- The Washington Times - Sunday, January 9, 2005

The families of four defense contractors lynched last year in Iraq are suing the employer, saying the company, in an effort to increase profits, did not provide the men with armored vehicles and other promised equipment.

The company’s “motivation was basically greed,” family attorney Dan Callahan said. “They saved $1.5 million by not buying those [armored] vehicles.”

The complaint — filed in a Raleigh, N.C., court last week — accuses Blackwater Security Consulting of sending the men into hostile territory in unarmored vehicles, with only light weapons and without a map.

Repeated telephone messages at the company’s Moyock, N.C., headquarters went unanswered.

The suit seeks unspecified damages for wrongful death, and legal analysts warn that it could open the way for a flood of litigation against private military contractors, whose role in the Iraq conflict is opening unexplored legal territory.

Scott Helvenston, Mike Teague, Jerry Zovko and Wesley Batalona were killed by terrorists on March 31, 2004, after a convoy they were escorting drove through the center of Fallujah, a hotbed of terrorist activity.

Their bodies were burned, and two of them were hung from a bridge in the town in scenes later broadcast on TV.

Estimates on the number of private military contractors in Iraq vary, depending on which groups of workers are included.

In a report on military contractors that he wrote last year, David Isenberg of the British American Security Information Council estimated that as few as 6,000 Westerners were doing armed security work similar to that done by the four men killed in Fallujah.

Yet, as many as 170 have been killed, said Larry Korb, a Reagan-era defense official now a scholar at the Center for American Progress.

The death toll, he adds, means that the lawsuit is a potential “Pandora’s box” for the industry. “There could be a slew of similar lawsuits,” he said.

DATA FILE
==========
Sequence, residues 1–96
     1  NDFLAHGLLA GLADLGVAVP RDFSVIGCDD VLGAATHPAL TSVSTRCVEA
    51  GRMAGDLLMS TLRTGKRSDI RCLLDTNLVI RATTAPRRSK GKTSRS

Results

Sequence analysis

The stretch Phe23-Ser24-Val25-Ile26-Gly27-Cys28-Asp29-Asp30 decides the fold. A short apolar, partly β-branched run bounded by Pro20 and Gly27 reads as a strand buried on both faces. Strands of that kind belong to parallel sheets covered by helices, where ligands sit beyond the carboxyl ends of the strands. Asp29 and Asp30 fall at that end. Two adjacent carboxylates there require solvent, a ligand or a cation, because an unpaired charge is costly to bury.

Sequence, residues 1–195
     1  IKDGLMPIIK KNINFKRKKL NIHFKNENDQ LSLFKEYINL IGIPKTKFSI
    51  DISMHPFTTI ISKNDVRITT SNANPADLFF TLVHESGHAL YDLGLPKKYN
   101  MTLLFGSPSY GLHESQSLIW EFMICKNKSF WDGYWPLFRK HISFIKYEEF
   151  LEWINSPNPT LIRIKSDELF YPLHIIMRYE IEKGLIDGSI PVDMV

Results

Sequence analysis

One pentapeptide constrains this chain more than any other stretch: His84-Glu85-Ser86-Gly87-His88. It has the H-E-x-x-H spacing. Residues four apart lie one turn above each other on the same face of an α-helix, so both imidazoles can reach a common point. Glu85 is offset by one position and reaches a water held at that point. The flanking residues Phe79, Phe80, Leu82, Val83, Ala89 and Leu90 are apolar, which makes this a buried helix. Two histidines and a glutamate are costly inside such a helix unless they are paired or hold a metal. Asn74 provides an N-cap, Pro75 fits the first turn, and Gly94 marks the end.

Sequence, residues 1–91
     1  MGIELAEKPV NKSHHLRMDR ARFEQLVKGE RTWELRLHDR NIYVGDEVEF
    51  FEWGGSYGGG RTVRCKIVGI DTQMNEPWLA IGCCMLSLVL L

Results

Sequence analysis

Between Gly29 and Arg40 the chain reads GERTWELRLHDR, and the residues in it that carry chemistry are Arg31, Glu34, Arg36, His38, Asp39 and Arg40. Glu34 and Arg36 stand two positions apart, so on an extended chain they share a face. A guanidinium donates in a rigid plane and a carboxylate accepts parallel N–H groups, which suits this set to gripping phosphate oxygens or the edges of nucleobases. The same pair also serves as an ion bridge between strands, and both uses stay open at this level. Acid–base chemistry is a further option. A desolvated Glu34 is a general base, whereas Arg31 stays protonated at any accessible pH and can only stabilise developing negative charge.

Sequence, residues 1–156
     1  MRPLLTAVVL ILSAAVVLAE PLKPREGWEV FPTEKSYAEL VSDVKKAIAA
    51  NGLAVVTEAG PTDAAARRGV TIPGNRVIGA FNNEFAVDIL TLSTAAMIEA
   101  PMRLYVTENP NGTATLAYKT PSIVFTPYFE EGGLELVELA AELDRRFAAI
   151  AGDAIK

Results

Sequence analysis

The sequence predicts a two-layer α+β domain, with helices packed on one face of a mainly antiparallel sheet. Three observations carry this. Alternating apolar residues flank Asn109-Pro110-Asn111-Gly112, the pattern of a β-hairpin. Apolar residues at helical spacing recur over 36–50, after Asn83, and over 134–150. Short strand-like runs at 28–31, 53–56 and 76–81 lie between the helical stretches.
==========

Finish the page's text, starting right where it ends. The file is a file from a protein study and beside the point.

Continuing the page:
Mr. Isenberg agrees.

“If these allegations are true, Blackwater is guilty of the most egregious conduct. But I’m sure they are not the worst security contractor operating in Iraq,” he said. “My intuition is there are a great many more stories like this out there, and there is a good likelihood more cases will follow if this one makes any progress.”

The suit says Blackwater promised the men that they would be working in six-man teams in armored vehicles equipped with heavy machine guns and that they would be allowed three weeks to orient themselves in the country before being sent out.

In addition, the suit says, the terms of the men’s contracts required that a risk assessment be conducted on every job before it was assigned.

None of the promises was kept, the suit says, accusing the company of creating such a document after the deaths of the men, in an effort to conceal their failure.

A lawsuit represents only one point of view.

The men’s families say they also want to make a larger point with their suit.

“We are doing this to win compensation for the families for their terrible loss … and to send a message to other companies working in Iraq not to treat their contractors in this disgraceful way,” Mr. Callahan said.

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